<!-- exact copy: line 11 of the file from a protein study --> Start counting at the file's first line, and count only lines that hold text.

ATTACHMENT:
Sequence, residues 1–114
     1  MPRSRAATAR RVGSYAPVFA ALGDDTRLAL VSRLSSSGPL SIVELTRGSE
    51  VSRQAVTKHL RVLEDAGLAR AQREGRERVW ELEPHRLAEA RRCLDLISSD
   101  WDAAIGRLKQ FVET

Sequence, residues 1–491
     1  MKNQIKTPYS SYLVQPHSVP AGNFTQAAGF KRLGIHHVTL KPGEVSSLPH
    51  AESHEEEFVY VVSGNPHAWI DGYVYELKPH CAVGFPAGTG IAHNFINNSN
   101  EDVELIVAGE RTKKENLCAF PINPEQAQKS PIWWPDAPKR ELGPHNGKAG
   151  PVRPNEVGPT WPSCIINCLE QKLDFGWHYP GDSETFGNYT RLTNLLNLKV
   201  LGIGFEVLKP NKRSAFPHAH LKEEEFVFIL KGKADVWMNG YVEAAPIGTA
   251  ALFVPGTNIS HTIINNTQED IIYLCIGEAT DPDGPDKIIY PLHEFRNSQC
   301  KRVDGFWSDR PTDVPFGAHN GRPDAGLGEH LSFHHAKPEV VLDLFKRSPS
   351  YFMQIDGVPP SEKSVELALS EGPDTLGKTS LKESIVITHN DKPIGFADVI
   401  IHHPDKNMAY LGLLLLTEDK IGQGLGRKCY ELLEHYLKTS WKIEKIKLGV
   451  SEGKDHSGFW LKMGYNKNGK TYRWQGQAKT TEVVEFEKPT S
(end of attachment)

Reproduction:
   251  ALFVPGTNIS HTIINNTQED IIYLCIGEAT DPDGPDKIIY PLHEFRNSQC